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Audiologists - Is deafness and perfect speech possible? (Evelyn Glennie on 60 mins.)

Jeffrey Sirianni audioman at HCTC.NET
Tue Nov 26 02:17:54 EST 1996

w874 at aol.com writes:

>No, its definitely not fraud. I have seen her on several news programs,
>and its truly amazing. The ability for a hard of hearing person to speak
>properly has to do with several factors, not which the least is the age
>that the person looses their hearing. In her case, age six is adequate to
>learn a great deal of speech. Therefore, even with her deafness, proper
>speech can be obtained. It also depends on the therapist, (if there was
>one), and how well she responds. 

This is so very true.  Thank you for your input on this topic.

I must add some things that I have noticed about such people we see in the
"spotlight".  These folks tend to be the exception rather than the rule.
Sure she has kept her good speech and aural abilities, but then again she
had six years of "normal" hearing for a foundation.  She was able to retain
this this.

I have a problem with the public display of such exceptional cases.  IMHO,
they give parents of hearing-impaired children a false hope.  I'm not saying
that parents should not hope that their children become exceptional in
speech and aural ability, it is that the vast majority fall way short of
achieving such abilities and that parents can become disenchanted and
discouraged when their own child does not reach such expectations.

I'm going to drag the cochlear implant industry into this one.  Whenever we
see a child with a cochlear implant on TV, what do we ususally see?  We see
an exceptional child who has the foundation and support needed to succeed,
and this child has actually succeeded in establishing excellent speech and
aural skills.  Compare the child on TV with those who we see or hear about
in our own practices.  I myself know of two children who were implanted in
the Dallas/Fort Worth area whose parents were "hoodwinked" into believing
that their child "could have their deafness fixed".  Both of these children
came fomr rural townships where no support was even available.  I see one
such child and he is minimally helped from his implant since he does not get
the speech support needed in order to acheive such a level of success.  The
nearest implant programming device is in one hour away in San Antonio while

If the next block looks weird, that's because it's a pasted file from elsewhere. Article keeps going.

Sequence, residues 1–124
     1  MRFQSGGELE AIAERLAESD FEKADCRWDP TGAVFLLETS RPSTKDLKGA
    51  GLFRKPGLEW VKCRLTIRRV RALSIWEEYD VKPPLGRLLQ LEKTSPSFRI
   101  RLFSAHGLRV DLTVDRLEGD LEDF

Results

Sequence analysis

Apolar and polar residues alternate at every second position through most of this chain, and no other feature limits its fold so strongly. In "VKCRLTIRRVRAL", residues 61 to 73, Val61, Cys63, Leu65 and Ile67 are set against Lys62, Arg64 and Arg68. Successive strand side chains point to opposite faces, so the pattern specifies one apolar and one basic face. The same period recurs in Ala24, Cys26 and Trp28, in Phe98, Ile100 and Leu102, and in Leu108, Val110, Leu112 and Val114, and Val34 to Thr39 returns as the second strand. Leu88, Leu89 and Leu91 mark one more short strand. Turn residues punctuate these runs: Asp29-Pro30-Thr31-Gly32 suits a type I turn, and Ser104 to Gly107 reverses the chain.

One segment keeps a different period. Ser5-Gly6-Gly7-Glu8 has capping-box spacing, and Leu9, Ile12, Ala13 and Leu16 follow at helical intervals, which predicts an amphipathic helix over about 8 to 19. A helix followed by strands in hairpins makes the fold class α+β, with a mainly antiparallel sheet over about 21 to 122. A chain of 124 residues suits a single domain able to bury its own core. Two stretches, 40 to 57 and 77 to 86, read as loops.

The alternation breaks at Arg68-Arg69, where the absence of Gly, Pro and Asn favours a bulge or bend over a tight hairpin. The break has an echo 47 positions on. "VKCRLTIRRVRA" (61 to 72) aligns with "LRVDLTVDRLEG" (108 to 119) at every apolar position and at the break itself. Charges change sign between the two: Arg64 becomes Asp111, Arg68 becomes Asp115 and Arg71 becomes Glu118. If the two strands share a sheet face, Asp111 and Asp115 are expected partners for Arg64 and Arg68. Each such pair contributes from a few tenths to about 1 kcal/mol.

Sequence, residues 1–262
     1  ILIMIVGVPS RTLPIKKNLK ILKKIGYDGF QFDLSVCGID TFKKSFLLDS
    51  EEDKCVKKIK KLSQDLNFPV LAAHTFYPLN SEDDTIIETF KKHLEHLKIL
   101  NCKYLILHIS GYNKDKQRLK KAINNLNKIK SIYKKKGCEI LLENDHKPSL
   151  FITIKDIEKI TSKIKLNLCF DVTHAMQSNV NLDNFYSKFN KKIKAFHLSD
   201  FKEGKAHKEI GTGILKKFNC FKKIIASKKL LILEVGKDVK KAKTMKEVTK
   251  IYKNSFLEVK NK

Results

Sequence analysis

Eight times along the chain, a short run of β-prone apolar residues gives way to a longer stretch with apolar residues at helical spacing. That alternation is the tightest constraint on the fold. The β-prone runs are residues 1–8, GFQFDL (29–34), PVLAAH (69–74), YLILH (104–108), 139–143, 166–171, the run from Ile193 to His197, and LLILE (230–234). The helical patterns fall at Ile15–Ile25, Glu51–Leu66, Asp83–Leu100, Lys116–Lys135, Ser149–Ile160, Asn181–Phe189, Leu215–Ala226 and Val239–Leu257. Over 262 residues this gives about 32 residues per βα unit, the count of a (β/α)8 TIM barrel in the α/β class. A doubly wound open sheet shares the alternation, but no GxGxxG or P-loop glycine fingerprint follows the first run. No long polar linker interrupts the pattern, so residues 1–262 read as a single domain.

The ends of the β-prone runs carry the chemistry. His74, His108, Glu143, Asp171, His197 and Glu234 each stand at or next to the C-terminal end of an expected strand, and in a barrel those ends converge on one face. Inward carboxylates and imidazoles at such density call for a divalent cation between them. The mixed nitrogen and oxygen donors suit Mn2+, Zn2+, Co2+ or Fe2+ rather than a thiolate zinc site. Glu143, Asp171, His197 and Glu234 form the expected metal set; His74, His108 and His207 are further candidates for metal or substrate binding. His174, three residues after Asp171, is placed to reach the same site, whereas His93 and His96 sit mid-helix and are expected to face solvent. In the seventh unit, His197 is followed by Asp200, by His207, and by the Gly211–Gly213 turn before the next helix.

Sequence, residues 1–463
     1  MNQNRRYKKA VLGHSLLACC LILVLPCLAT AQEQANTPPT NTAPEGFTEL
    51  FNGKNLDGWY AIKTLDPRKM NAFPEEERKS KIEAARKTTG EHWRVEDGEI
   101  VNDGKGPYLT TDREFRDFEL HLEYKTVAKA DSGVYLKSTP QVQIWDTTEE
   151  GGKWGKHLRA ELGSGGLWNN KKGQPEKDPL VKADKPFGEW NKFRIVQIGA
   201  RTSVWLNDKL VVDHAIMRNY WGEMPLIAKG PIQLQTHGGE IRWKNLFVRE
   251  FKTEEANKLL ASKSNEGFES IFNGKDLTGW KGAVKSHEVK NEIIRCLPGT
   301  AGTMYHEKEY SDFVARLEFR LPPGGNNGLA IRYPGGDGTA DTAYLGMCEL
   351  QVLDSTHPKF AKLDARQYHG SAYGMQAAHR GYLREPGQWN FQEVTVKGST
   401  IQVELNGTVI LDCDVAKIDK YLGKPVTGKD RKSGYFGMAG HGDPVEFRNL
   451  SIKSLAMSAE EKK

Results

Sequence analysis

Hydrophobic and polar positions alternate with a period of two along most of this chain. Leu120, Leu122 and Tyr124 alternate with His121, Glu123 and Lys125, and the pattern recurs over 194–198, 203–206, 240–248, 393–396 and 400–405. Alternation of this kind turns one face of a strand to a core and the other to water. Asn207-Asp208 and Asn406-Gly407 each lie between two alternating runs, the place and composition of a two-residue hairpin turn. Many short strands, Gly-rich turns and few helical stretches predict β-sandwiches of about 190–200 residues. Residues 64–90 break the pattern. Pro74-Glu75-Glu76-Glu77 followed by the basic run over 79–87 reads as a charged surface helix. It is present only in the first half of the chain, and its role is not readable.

the people who performed the implant are six hours away.  I am pretty
disgusted by the number of parents and children that are "bulldozed" into
these implants when the physician knows good and well that the child in
question cannot receive the necessary therapy needed based on the fact that
this child lives in a small community many hours away.

I see it as such:  The surgeon chalks up his surgery, gets paid, and his/her
work is done.  Send in the next family.....

I would love to hear from any one else who has seen such children in their
own practices, or from parents who feels like I do.

>Once someone learns how to speak, as long as they practice it, I don't
>think that they would lose it. BTW, how would ASL help speech ? Since it
>is a graphical communication medium, I don't see how it would enforce
>speech. On the other hand, a method such as cued speech, which is more of
>a phoneme based system would seem to encourage the continued use of proper
>speech. Just my opinion. 

Give a child a strong first language.  If the child is deaf of
hearing-impaired, the most appropriate should be ASL.  Once ASL is mastered,
the child can learn a second language much more easily.
* Jeff Sirianni, M.A., CCC-A                      *
* Sound Advice / R.G. Delaney, M.D.               *
* 710 Water Street / Suite 404                    *
* Kerrville, TX  78028                            *
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* (210) 896-1433                                  *
* (210) 896-1440 FAX                              *
*                                                 *
* audioman at hctc.net                               *
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* Discussion Leader of bionet.audiology Newsgroup *

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